Seattle Genetics (NASDAQ:SGEN) is down 5.9% as of this writing, having been down as much as 10.5% Monday following a weekend of presentations at the American Society of Hematology (ASH) meeting.
The biotech has issued four press releases containing data from the meeting so far today, including a midmorning release, which might be helping reverse the weak opening.
Two of the data reports over the weekend probably aren't moving the stock. One was five-year survival data from a phase 1 trial testing Adcetris in newly diagnosed patients with mature T-cell lymphoma. The trial only had 26 patients, and there were no progression events or deaths in the trial since the three-year follow-up was reported. Essentially that's the best investors could hope for.
The other non-event came from updated data from the phase 3 ALCANZA trial testing Adcetris in patients with cutaneous T-cell lymphoma (CTCL). The data from the trial was originally presented at ASH last year and has already been submitted to the FDA to expand Adcetris' label. The extra data shouldn't affect its approvability, which appeared likely based on the initial data presentation.
What appears to be driving shares lower is the presentation of the phase 3 ECHELON-1 trial in newly diagnosed patients with advanced classical Hodgkin lymphoma. Investors already knew the trial succeeded, with Adcetris plus older chemotherapy drugs -- adriamycin, vinblastine, dacarbazine (AVD) -- working better than the control, AVD plus bleomycin (ABVD).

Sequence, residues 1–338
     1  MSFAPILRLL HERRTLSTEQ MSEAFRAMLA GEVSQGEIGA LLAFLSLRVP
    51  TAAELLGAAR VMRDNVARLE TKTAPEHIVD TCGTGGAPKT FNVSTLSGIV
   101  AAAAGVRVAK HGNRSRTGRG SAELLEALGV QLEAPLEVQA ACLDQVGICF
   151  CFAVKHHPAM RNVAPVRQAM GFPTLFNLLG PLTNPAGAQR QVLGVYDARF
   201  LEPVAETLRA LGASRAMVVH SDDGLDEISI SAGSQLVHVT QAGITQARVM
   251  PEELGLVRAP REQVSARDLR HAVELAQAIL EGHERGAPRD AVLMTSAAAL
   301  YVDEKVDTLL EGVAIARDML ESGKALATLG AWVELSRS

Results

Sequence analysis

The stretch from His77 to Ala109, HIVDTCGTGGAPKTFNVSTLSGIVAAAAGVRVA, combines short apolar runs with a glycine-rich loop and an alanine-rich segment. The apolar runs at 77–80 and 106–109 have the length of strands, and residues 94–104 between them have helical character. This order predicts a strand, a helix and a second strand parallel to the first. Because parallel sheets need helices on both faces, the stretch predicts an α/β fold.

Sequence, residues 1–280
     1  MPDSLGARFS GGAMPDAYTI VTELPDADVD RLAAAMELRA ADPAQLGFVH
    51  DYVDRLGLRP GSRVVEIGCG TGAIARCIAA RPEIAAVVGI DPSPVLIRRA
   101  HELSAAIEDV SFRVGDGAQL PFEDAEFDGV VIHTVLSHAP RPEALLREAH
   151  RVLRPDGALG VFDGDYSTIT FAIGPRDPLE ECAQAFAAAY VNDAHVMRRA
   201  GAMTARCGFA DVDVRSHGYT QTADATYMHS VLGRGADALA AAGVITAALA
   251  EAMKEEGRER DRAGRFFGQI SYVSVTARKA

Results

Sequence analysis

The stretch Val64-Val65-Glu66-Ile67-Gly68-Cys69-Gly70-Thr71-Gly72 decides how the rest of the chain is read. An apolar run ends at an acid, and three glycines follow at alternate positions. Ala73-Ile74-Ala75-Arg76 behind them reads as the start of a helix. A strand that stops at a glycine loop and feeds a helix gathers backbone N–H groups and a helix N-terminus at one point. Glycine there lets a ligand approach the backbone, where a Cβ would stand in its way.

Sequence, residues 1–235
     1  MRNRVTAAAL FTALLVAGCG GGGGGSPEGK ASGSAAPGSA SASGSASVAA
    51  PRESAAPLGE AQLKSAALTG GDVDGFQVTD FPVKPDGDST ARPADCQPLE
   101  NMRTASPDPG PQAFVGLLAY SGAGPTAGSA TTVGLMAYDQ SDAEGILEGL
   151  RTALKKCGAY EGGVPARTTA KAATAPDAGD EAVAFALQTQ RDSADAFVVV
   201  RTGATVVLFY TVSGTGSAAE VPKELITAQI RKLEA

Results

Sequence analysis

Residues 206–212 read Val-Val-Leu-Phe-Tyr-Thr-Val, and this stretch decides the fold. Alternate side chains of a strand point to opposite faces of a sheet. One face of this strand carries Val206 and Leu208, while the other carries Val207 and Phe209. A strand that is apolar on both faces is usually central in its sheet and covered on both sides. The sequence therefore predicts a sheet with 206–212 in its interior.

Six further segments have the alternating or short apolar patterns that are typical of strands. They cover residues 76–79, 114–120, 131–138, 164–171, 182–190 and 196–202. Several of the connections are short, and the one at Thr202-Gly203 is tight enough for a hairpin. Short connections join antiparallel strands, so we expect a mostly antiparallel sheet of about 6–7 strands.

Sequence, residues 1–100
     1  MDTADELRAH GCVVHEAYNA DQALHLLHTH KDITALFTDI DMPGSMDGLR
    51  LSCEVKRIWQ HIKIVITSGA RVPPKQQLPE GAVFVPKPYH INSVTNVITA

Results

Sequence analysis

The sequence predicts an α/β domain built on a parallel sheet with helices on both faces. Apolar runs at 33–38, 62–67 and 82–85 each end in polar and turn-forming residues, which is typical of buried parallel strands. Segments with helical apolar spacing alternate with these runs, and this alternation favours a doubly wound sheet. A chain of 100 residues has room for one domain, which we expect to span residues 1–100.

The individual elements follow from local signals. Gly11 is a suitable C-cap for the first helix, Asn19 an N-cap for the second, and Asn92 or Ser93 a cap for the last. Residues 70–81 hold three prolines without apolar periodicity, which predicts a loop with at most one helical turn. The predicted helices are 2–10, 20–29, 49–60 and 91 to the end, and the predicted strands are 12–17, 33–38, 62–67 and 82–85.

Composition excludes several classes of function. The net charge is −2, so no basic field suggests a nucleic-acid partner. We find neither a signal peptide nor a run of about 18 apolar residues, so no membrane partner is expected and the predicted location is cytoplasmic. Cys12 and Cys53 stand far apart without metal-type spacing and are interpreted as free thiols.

The full data presented at ASH were also published in the New England Journal of Medicine. They showed that while Adcetris+AVD passed its primary endpoint, increasing modified progression-free survival -- defined as progression, death, or patients getting an additional anticancer therapy because they didn't have a complete response -- compared to the control treatment, Adcetris+AVD wasn't positive on a couple of key secondary endpoints, although they were trending in the right direction. Adcetris+AVD reduced the risk of death by 28%, but that wasn't statistically significant. The complete response rate was 73% versus 70% for patients treated with the control drug, and the objective response rate was also only slightly better at 86% for Adcetris+AVD compared to 83% for the control.
Bleomycin is pretty toxic, so doctors would be happy to swap it out for something that works only slightly better with less toxicity. Unfortunately, while Adcetris+AVD had less pulmonary toxicity than ABVD, Adcetris causes problems with lowering white blood cells, which led to more infections. Seattle Genetics has some data showing treatments with drugs that boost the immune system can counteract that, so the toxicities for Adcetris+AVD may be more manageable than AVBD, but it isn't going to be a cakewalk for Seattle Genetics to get doctors to change their current standard practice.
The conversion of newly diagnosed Hodgkin lymphoma patients to Adcetris+AVD may not matter much in the long term because Seattle Genetics and Bristol-Myers Squibb (NYSE:BMY) presented data today from a phase 1/2 trial showing that Adcetris plus Bristol-Myers' Opdivo produced an 83% objective response rate with a 62% complete response rate. The companies are testing the combination in the phase 3 CHECKMATE 812 trial, which is in relapsed patients, but if it works there, the companies would presumably test it in newly diagnosed patients, potentially replacing Adcetris+AVD.